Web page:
(8) comments Back to story

GW Cornelius

Not the same Norm I know.

George Croix

Count so far in the game:
Pappous - two balls, and a standing ovation from some crowd members
Anonymous Troll - two outs
Dog! Hot dog ovaah heeeyaaahhh......!!!

Steve Fouga

Yes, Norm Pappous should be running unopposed. He did everything as well as it could have been done in his first term. He will easily be re-elected.

This Council gets a bad rap because of entrenched voting blocs and a lack of consensus. But mainly the problem was inept leadership. Certainly the entire Council doesn't deserve to be painted with the same brush. In fact, the majority of the members (admittedly a slim majority) were earnest, well-meaning, and -- dare I say it -- effective.

Sometimes effective can mean exposing a bad idea for what it is, or simply standing on principle, like Norm did repeatedly.

Two balls, indeed...

GW Cornelius

Is this the same man that has alliance with GAIN and yet feels there is no conflict to be involved with a group of neighborhood Nazis that come before council. Makes you go WHAT!!

Jarvis Buckley

NP is a great council member. Will win reelection 10-1

Jarvis Buckley

Island Runner you are starting to get on an old mans nerves. Take your medicine.

Ted Wagner

While I don't live in his District, I would vote for Norman. He says what he means & means what he says. He's well-reasoned and accountable, often on these very boards defending his position.

There was an item I thought was a bit out of Norm's character, particularly given his financial expertise. Back in Jan or Feb, the first 5 or 6 months of SW Parking revenue were released, and were well below monthly projections, suggesting a shortfall. Norman supported a vote to hold off an any expense cuts until July, when a full year of revenue were available. However, it's no secret that financial projections are a vital tool for fiscal success, and forward-looking estimates are routinely done, on a repeating basis, to understand whether revenue & expenses are aligned (or when they may be, given the latest updates). And with 5-6 months of data already in-hand, the projections would be much more accurate, going forward, than when paid-parking was first conceptualized.

That vote to me was a clear signal that financial projections looked bleak, and the vote to defer until July was an opportunity to simply buy time. But, as a citizen who voted for paid parking and purchased an annual pass, the minimum I would have expected from the City is:

1) Clear accounting of expenses
2) Clear accounting of revenue (to date)
3) SW Amenities Plan (cost & timing estimates) to provide fountains, restrooms, showers, etc.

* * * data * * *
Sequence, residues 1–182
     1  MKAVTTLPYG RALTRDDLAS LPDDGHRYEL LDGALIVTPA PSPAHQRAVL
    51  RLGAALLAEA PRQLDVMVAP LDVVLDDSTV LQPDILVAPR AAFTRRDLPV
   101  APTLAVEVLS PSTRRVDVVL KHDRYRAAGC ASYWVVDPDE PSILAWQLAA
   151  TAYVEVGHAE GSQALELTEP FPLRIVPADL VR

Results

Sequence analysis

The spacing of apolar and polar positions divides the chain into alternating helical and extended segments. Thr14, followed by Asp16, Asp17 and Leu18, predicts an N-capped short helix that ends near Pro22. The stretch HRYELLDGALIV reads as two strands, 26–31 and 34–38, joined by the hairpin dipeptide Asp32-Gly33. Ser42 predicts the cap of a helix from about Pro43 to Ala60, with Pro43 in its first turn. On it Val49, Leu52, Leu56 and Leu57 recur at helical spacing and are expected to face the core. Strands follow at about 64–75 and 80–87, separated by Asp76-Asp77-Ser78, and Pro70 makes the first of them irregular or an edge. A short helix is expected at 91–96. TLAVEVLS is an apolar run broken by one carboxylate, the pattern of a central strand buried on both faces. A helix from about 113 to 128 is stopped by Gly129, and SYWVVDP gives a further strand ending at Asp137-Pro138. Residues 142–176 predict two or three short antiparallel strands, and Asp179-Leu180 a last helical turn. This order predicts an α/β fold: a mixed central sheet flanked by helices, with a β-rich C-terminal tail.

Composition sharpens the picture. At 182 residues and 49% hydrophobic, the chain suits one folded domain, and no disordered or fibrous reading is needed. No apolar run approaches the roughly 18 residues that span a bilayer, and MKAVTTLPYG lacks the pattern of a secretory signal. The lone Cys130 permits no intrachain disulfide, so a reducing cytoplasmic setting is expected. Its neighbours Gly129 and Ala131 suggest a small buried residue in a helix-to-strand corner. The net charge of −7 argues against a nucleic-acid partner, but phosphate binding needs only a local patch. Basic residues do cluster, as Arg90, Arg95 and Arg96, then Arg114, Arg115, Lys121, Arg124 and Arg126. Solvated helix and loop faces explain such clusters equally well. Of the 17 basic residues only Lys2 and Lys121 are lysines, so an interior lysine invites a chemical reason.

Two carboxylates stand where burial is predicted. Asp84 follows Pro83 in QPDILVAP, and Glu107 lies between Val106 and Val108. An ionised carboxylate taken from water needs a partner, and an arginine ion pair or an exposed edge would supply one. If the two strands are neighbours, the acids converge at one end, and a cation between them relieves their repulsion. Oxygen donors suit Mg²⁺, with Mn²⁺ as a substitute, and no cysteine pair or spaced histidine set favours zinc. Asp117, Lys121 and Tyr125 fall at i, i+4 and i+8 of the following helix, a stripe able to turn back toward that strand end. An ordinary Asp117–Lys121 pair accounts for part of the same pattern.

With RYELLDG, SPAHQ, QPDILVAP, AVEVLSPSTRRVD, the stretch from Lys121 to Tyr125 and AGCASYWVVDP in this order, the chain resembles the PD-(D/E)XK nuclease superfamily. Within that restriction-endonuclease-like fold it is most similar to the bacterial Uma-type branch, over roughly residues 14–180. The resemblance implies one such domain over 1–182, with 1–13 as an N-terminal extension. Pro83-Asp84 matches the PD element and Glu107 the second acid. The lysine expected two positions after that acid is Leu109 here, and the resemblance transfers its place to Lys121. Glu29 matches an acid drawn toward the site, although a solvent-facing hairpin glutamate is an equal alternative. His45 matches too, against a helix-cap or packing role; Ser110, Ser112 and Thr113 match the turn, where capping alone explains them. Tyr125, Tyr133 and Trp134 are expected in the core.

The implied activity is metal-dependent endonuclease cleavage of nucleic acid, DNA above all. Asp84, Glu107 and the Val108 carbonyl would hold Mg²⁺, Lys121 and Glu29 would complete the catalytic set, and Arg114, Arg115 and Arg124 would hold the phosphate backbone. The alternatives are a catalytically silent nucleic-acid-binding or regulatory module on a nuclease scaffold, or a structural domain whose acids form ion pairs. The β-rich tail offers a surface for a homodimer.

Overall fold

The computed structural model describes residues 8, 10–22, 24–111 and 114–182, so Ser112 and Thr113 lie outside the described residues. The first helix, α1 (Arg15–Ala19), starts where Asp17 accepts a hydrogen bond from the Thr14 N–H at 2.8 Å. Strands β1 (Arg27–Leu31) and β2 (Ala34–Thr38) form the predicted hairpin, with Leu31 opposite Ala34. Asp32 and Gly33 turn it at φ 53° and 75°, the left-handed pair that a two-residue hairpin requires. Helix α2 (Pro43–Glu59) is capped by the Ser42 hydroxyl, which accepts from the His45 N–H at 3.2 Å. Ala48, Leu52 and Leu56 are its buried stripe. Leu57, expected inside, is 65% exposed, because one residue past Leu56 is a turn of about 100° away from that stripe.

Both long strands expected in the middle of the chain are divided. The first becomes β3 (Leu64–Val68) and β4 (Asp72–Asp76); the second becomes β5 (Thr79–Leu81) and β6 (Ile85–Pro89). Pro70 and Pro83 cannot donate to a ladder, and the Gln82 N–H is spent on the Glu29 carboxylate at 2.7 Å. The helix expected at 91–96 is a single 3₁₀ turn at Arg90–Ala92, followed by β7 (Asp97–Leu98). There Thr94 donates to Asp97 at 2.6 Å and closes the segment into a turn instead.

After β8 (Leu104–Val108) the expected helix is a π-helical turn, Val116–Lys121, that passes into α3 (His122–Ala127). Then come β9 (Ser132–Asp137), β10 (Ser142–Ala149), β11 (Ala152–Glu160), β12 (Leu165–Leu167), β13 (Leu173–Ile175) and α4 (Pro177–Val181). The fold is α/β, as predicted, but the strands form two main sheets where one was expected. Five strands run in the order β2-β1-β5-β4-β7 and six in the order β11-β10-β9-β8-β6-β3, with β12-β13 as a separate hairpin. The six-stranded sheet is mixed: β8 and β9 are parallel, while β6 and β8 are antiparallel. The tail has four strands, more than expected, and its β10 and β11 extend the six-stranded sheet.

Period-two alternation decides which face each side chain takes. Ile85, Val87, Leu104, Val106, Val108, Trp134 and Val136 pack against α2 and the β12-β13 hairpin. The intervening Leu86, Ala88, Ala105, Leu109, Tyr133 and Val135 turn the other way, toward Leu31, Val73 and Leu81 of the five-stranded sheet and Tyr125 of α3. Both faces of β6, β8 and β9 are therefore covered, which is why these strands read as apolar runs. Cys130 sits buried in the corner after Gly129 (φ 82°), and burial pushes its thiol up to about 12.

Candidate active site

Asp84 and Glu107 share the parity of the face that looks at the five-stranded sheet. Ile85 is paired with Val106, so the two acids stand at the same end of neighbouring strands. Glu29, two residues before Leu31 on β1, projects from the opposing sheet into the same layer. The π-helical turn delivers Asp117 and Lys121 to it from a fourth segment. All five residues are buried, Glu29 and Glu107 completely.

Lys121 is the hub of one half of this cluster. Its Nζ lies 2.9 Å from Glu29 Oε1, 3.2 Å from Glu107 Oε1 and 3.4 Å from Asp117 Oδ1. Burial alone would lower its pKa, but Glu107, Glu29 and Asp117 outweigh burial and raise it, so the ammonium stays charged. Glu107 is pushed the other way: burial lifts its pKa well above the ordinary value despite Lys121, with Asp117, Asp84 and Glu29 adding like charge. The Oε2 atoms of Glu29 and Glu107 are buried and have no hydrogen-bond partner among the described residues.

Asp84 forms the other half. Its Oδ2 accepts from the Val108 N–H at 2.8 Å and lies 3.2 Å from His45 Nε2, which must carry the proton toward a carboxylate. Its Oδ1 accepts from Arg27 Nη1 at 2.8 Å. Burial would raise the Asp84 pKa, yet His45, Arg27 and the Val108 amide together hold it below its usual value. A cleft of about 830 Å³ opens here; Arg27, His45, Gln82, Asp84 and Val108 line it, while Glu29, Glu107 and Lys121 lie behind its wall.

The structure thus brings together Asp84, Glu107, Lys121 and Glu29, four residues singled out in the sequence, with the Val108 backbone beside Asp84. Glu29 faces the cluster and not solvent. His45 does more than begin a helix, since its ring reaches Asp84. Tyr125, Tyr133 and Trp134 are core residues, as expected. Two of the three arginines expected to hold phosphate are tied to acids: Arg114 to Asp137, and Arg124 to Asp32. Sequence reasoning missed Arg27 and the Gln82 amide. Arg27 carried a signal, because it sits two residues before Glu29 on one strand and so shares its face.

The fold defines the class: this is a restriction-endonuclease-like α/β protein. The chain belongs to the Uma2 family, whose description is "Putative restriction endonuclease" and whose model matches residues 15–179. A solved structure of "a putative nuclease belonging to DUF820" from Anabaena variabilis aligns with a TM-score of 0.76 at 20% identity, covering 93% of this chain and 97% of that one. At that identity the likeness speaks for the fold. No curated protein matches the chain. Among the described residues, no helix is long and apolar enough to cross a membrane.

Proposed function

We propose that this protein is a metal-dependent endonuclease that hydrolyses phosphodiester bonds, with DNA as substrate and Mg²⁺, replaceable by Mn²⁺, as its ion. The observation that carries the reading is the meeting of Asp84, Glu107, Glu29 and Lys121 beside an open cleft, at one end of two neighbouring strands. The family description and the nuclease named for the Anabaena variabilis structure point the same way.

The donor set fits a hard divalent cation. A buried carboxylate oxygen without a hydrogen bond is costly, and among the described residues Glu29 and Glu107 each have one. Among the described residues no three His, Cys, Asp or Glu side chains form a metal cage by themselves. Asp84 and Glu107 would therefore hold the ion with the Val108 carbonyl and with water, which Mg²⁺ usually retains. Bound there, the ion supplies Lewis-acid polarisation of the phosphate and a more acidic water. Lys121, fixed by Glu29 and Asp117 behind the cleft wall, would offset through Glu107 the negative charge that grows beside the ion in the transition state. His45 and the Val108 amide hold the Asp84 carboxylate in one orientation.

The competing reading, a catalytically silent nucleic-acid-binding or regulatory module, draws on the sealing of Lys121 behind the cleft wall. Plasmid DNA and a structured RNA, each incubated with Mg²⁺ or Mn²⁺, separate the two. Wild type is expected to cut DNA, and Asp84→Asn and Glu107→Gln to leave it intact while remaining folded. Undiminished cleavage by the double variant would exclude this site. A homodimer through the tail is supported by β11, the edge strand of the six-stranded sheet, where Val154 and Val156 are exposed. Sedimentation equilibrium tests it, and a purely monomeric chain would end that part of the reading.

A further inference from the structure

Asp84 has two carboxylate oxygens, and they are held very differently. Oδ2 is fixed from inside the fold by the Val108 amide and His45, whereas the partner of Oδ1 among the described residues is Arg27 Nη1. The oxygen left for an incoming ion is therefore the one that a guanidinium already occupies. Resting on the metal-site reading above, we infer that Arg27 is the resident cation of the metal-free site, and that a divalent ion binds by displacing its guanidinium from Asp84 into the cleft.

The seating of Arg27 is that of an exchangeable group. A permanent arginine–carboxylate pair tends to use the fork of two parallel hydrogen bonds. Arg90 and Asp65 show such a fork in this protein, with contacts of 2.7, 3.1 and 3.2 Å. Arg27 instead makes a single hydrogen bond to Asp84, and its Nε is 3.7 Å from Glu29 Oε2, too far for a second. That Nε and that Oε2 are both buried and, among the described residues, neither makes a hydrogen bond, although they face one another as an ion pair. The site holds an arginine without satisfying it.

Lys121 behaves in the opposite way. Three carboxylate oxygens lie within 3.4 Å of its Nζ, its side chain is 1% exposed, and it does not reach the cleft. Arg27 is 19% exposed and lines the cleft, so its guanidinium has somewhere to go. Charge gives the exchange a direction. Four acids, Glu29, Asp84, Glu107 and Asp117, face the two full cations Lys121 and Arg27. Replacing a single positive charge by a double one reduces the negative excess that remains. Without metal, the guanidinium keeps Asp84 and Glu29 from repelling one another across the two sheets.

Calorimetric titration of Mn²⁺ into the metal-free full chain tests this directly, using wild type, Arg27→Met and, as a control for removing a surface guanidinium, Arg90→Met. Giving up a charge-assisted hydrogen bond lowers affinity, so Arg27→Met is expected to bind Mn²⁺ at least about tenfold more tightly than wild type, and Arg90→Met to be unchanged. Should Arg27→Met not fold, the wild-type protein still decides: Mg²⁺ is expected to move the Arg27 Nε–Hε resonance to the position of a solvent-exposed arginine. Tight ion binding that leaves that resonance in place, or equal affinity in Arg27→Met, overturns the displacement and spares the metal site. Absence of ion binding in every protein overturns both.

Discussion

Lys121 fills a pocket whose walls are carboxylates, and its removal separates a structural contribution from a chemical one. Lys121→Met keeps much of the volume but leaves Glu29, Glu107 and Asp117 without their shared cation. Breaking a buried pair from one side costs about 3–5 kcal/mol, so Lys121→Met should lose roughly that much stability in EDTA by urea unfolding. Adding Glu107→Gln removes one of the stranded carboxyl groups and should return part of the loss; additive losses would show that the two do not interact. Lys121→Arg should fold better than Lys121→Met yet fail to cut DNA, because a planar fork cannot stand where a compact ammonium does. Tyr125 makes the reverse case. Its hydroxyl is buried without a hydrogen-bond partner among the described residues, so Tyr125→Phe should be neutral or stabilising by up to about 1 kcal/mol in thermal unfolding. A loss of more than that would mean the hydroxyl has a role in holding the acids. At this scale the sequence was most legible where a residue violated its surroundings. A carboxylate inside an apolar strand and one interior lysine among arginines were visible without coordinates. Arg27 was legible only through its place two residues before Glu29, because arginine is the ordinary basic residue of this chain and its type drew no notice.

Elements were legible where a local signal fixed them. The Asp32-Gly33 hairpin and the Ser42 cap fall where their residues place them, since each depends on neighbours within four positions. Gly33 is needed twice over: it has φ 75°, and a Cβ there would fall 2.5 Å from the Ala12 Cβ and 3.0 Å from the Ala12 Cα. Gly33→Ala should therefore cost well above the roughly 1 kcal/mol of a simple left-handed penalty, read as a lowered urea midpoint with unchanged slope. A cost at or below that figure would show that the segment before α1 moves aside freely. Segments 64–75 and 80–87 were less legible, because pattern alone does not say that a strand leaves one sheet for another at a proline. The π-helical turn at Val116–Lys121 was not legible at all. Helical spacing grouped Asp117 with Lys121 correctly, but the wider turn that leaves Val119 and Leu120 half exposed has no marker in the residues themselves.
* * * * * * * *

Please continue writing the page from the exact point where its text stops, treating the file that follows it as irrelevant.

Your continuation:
4) Lastly, a thorough Council discussion of the above points, to identify when revenue will be available, how much & when, in context of the envisioned improvements.

Perhaps cutting expenses back then was just not feasible or may not solve the problem. I don't know. But I do know that waiting 6 more months would not drastically change what was already apparent, given the fact that financial projections are an everyday practice to ensure fiscal success.

One question comes to mind: What obligation does the City have, if any, to re-pay folks for paid parking fees, but no amenities were ever provided?

Steve Fouga

First, I agree with nearly everything you said, and maybe everything.

Here's my view on Seawall parking: It's a great opportunity for the City to make money, and it MUST be exploited. I didn't live here at the time of the vote, but I would have voted for it, maybe even campaigned for it. My main problem with it is that it's far too cheap! It should be $25/day, not $8. Or if not 25, at least 15.

As a resident, I wouldn't mind a $100 annual fee -- that's how much I use the parking. Especially now that the annual fee also pays for Seawolf and beach parking. $25/yr is a bargain! Too much of a bargain!

If I were king, here's what I would do: Immediately raise Seawall parking rates to $3/hr, $25/day, on the south side of Seawall Blvd. I would build lots on the north side of Seawall and charge $2/hr, $15/day, and charge the same for street spaces on the north side. Annual passes would be $50/yr, and good for every parking spot on the Island, including the beaches, Seawolf, Seawall, the Harbor, and Downtown -- except for prohibited spots used by residents in their neighborhoods. All paved spots would be painted and numbered, including those used for residential parking. Parking laws would be strictly enforced by non-sworn Police Dept personnel.

If more parking were needed, I would build remote lots north of Broadway and operate buses to the beaches, Downtown, Moody Gardens, etc., as needed. I would not call them rubber-tired trolleys. If I found people would not pay the increased rates, I would lower them.

We could call it the King Jake Parking Plan.


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